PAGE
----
Nonetheless, those looking for mild enjoyment or are unwilling to enjoy the self-induced high octane adrenaline rush that comes with race bets can still opt for 3D slot Games.

These are available in brick-and-mortar casinos and online gaming sites. Compared to the racing bets, slot games require little background knowledge and can be played by gaming newbies and veterans alike.


Tuesday, 14 September 2021

He Knows No Fear

 


For nearly three decades, the record for the longest-priced winner in British horse racing history was held by Equinoctial, who defied odds of 250/1 when winning the Grants Whisky Novices' Handicap Hurdle at Kelso on November 21, 1990. However, on August 13, 2020, that record finally fell when the three-year-old He Knows No Fear got up in the dying strides to win the Irish Stallion Farms EBF Maiden, over a mile, at Leopardstown at odds of 300/1. Those interested in online gambling will have made a bundle if they bet on it. 


Bred, owned and trained by Luke Comer in Dunboyne, Co. Meath, the son of unheralded sire Mourayan had made his racecourse debut, under apprentice Gabi Bourke, in a similar race at Limerick the previous month, for which he started at odds of 250/1. On that occasion, he was slowly into his stride – in fact, 'left half a furlong', according to assistant trainer, Jim Gorman – and eventually trailed in twelfth of the fourteen runners, beaten 18 lengths.


However, on his second start, He Knows No Fear was ridden by Classic-winning jockey Chris Hayes. Unsurprisingly, He Knows No Fear still showed signs of inexperience when ridden two furlongs from home, but made rapid headway on the outside of the field from the furlong marker. He went second behind favourite Agitare – officially rated 98, but still a maiden after seven starts – inside the final hundred yards and stayed on strongly to lead on the line and win by a head.


Comer and his family have bred exclusively from Mourayan since he was exported back to Ireland from Australia in early 2015. Quoted in the 'Racing Post', Comer said, 'He Knows No Fear is a nice horse. The first race, you couldn't go by, because he got left in the stalls. I think Mourayan is not a bad sire at all.'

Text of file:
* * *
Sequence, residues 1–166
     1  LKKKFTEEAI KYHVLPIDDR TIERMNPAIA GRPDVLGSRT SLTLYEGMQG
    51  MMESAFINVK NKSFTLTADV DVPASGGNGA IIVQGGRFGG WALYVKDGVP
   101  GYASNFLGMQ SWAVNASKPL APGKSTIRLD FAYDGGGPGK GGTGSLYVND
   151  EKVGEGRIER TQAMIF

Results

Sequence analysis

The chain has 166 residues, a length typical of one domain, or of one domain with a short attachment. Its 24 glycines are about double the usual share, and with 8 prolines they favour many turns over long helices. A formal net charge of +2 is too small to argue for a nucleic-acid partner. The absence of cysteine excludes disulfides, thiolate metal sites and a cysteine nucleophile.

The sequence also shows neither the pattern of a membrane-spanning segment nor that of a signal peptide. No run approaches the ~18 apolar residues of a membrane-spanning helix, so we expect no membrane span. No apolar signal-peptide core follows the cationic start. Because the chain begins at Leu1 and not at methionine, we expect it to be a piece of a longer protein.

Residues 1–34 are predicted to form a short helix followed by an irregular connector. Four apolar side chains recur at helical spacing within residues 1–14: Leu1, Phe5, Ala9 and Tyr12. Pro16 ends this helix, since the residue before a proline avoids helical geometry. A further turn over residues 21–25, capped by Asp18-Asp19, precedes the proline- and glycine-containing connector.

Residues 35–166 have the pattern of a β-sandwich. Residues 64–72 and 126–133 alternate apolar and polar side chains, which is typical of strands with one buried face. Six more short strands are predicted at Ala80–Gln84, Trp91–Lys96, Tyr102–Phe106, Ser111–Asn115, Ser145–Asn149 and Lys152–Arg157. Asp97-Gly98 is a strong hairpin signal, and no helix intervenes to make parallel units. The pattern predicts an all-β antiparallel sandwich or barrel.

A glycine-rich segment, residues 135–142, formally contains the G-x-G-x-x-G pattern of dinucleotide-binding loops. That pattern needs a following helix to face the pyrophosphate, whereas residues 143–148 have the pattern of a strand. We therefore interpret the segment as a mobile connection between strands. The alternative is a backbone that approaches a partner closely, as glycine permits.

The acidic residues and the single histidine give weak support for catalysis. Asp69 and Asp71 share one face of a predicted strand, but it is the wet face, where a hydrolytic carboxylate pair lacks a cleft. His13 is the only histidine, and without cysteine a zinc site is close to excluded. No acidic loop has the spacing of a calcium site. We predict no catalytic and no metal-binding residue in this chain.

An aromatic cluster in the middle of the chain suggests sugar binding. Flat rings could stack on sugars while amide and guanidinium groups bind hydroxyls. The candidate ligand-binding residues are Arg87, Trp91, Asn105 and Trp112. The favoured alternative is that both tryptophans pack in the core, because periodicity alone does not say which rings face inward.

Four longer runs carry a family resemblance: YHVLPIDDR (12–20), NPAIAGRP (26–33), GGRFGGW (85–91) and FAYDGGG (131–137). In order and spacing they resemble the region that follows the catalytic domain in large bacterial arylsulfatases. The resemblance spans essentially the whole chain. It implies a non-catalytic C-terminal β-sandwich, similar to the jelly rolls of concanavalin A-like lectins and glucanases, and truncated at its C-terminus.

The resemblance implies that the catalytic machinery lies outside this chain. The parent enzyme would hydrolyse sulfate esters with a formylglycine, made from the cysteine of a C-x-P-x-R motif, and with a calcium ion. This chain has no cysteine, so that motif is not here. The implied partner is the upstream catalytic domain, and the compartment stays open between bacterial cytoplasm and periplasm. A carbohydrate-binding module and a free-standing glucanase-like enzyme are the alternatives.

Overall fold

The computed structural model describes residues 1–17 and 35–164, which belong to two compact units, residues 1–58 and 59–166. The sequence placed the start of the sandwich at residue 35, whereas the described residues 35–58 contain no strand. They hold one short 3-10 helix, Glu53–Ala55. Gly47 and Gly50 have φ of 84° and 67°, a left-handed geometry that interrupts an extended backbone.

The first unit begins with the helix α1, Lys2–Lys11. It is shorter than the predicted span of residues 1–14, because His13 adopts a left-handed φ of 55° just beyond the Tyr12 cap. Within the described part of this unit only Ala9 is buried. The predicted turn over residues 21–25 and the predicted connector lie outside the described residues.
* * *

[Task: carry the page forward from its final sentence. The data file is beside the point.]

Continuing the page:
Monday, 16 August 2021

Graineyhill

 


On paper, the Irish Stallion Farms EBF Beginners Chase, run over 2 miles 1½ furlongs at Fairyhouse on February 23, 2019, appeared to be a match between Dakota Moirette, trained by Gordon Elliott, and Aint Dunne Yet, trained by Noel Meade. Indeed, in the seven-runner contest, the bookmakers bet 1/2 Dakota Moirette, 7/2 Aint Dunne Yet and 12/1 bar the pair at the 'off'.

The market looked like proving an accurate guide to the outcome as, between the final two fences, Dakota Moirette and Aint Dunne Yet, who had led or disputed the lead from the start, drew a long way clear of their rivals. At that stage, commentator Tony O'Hehir said, 'They have it between them', and so they did. They approached the final fence neck-and-neck, but Dakota Moirette put down when asked to pick up by jockey Jack Kennedy and fell, directly in front of Aint Dunne Yet, whose jockey was unseated a few strides later.

Thankfully, both horses and both jockeys survived unscathed, but the untimely demise of the market leaders left the way clear for Graineyhill, a stable companion of Dakota Moirette, to saunter home by 8 lengths. Sent off at 12/1, the 8-year-old gelding had been ridden along in a moderate third place, 20 lengths or more behind the clear leaders, by Keith Donoghue after the second last fence and was making no impression when the race effectively fell into his lap. Officially described as 'lucky' by the 'Racing Post', his unlikely win was especially fortuitous for the fleet-fingered Betfair layers who matched him at 999/1, to the tune of £80, in-running.

Tuesday, 15 June 2021

Bubble Boy

Respected professional punter Alan Potts once said, 'The principle is that if as a result of your form analysis, you can make a good argument for supporting a longshot, then you must make the bet.The key factor is that no bet on such a horse can be expected to fulfil the same exacting criteria that you would apply to a 4/1 shot.' A case in point was Bubble Boy, a six-year-old gelding, trained by Brendan Powell, who won a beginners' chase at Fontwell, on his chasing debut, on January 24, 2005, at odds of 100/1.

Sired by the American-bred stallion Hubbly Bubbly – at that stage, already responsible for winning steeplechaser Cloudy Bays – Bubble Boy was bought by Powell, on behalf of the late John Plackett, from former weighing room colleague Adrian Maguire. According to Powell, Maguire told him 'not to waste our time over hurdles and to put him straight over fences'. Bubble Boy did run twice in National Hunt Flat Races for his new connections, while he didn't win, but finishing fifth of fifteen at Exeter in April, 2004 and tailed-off tenth of thirteen, after a 202-day break, at Plumpton the following November.

Obviously, when he lined up at Fontwell, his previous form was, at best, modest, but he was, at least, unexposed, which is not something that could be said for many of his six rivals. The decision to send him straight over fences was intriguing and, for a horse with sufficient size and scope to justify the idea that he would make a steeplechaser, his earlier defeats were entirely forgiveable. In any event, Bubble Boy made all the running under conditional jockey James Davies and, although all out at the finish, held on to beat 8/13 favourite Distant Thunder – who had been beaten on his four previous starts over fences – by half a length.